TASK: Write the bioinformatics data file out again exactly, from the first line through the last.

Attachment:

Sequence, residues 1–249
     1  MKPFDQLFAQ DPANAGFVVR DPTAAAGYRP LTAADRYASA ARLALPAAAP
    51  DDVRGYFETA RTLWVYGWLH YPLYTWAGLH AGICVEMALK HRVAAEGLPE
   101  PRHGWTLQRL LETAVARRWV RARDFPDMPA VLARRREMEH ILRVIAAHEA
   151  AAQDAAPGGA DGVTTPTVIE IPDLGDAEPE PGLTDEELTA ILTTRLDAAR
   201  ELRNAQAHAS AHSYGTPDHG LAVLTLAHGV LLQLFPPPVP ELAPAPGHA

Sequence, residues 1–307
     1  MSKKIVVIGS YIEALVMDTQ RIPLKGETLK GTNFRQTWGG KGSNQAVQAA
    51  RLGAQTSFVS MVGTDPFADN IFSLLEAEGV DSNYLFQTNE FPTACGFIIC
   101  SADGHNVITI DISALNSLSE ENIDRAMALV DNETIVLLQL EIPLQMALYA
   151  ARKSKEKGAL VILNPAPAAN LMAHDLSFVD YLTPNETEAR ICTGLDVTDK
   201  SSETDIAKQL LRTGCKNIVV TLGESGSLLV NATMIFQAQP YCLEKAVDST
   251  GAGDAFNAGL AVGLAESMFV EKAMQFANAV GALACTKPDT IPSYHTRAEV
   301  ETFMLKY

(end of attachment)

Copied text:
Sequence, residues 1–249
     1  MKPFDQLFAQ DPANAGFVVR DPTAAAGYRP LTAADRYASA ARLALPAAAP
    51  DDVRGYFETA RTLWVYGWLH YPLYTWAGLH AGICVEMALK HRVAAEGLPE
   101  PRHGWTLQRL LETAVARRWV RARDFPDMPA VLARRREMEH ILRVIAAHEA
   151  AAQDAAPGGA DGVTTPTVIE IPDLGDAEPE PGLTDEELTA ILTTRLDAAR
   201  ELRNAQAHAS AHSYGTPDHG LAVLTLAHGV LLQLFPPPVP ELAPAPGHA

Sequence, residues 1–307
     1  MSKKIVVIGS YIEALVMDTQ RIPLKGETLK GTNFRQTWGG KGSNQAVQAA
    51  RLGAQTSFVS MVGTDPFADN IFSLLEAEGV DSNYLFQTNE FPTACGFIIC
   101  SADGHNVITI DISALNSLSE ENIDRAMALV DNETIVLLQL EIPLQMALYA
   151  ARKSKEKGAL VILNPAPAAN LMAHDLSFVD YLTPNETEAR ICTGLDVTDK
   201  SSETDIAKQL LRTGCKNIVV TLGESGSLLV NATMIFQAQP YCLEKAVDST
   251  GAGDAFNAGL AVGLAESMFV EKAMQFANAV GALACTKPDT IPSYHTRAEV
   301  ETFMLKY